Louise McStravick, How to Make Curry Goat: Review

Louise McStravick’s collection explodes into the reader’s consciousness, seducing with vibrant, colourful imagery while also shining a light on life on society’s fringes. The opening poem ‘Just another road in Erdington’ sets the tone, filled with vernacular phrases and talk of prisons, arson and drug addiction that was the backdrop to childhood. From the outset,…

Racheal Boast, Void Studies: Review

There is so much movement in this collection of beautiful vignettes, whether through the physical movement of the characters in the poems or the movement of the elements that meander through the poems. From the opening line “Late night like unopened letters” it feels that these are secrets whispered to the reader, elusive and illusory,…

Thomas McColl, Grenade Genie: Review

From the opening poem, it’s clear that this collection is an unwaveringly close examination of the modern world, its landscapes and its politics.It moves from the fresh and interesting descriptions of “buses are bison and people are grass” (‘No Longer Quite so Sure’) to the didactic “You’ve made a pact with the digital devil” (‘The…

Fiona Benson, Vertigo and Ghost: Review

Vertigo and Ghost is Fiona Benson’s second collection and the winner of the Forward Prize for Best Collection in 2019.. I was bowled over by Bright Traveller, falling in love with the way she weaves the natural world with human experience in a way that feels both warming yet sinister. I love the immediacy of…

Elisabeth Horan: Odd list, Odd house, Odd me

This collection is an ode to Emily Dickinson – to her work, her themes and her poetry. In an interview with Twist in Time magazine, Horan highlights the similarities between her own work and that of Dickinson in terms of themes, but this collection isn’t simply a reflection of Dickinson’s work – in some ways,…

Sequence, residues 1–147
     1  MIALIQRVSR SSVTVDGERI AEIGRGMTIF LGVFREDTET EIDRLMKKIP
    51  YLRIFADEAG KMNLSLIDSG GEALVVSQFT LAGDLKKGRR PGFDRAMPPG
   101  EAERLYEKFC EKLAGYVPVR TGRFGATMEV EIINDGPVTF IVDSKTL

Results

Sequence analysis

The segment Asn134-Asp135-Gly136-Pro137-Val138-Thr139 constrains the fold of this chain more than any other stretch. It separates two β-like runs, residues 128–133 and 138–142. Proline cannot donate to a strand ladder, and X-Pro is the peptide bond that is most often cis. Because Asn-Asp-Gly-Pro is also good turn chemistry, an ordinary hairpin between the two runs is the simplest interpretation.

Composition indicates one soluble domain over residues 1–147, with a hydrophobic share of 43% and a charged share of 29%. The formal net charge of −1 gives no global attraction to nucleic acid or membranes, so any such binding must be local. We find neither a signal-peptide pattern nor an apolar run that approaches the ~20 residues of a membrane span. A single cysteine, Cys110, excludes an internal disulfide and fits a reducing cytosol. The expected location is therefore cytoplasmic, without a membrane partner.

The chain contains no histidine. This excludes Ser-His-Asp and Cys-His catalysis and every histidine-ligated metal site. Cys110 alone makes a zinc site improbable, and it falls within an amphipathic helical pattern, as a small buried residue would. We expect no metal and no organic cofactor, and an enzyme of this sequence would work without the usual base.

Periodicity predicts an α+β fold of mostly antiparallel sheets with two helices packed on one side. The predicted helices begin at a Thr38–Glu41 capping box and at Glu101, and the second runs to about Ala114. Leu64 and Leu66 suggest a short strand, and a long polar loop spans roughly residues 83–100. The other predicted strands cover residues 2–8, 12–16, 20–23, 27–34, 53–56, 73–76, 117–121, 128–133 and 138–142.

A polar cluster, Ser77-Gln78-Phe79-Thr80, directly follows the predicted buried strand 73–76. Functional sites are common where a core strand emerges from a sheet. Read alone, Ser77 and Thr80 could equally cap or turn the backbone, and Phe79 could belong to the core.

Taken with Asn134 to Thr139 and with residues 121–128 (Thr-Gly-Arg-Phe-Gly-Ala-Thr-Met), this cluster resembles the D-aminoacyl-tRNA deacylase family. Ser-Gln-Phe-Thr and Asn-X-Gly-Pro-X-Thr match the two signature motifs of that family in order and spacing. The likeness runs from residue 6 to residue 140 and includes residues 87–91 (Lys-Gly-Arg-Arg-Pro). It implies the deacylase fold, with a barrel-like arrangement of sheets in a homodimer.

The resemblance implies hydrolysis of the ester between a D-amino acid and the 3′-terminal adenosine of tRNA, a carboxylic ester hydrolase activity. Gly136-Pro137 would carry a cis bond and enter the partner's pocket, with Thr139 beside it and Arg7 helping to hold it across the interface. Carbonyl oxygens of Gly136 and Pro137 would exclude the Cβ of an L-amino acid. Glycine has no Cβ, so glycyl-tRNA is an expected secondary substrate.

Ocean Vuong: On Earth We’re Briefly Gorgeous

I loved his poetry collection for its astonishing use of lyricism and twisting of classicalism (like in the incredible Telemachus) so I was very excited to get my hands on this. I heard him read at Toppings in Bath and knew from the short extract this was going to be something special – the delicacy…

Bright Travellers: Fiona Benson

The debut collection from the award-winning poet was a book I’ve been meaning to read for a while. Deeply personal, it covers motherhood, landscape and includes a beautiful sequence of poems for Vincent Van Gogh. The opening poem ‘Caveat’ forms an epigraph for the collection with its message that  it is possible to find the…

A stunning pamphlet by poet Mark Pajak

Spitting Distance is a Laureate’s Choice pamphlet from 2016 that I bought after hearing the poet read at an event in Bristol last year. From the moment he finished reading the first stanza of his first poem, I knew it would be special due to the concision of the language and the way in which…

Eiléan Ní Chuilleanáin: Selected Poems. A Review

This is an extensive selection of poems, many of which feel like the poetic interpretation of a Chagall painting, full of dream-like, surreal imagery haunted by ghosts and steeped in natural imagery such as ‘The Girl who Married the Reindeer’. The earlier poems at the beginning of the collection are filled with references to agriculture…

Selected Poems: A Review

My first encounter with Paterson’s work was his second collection, God’s Gift to Women, a Poetry Book Society recommendation. One of the things I love most about that collection is the way Paterson has mixed a whole host of different elements to create a real poetry personality – there are references to ancient Greek mythology…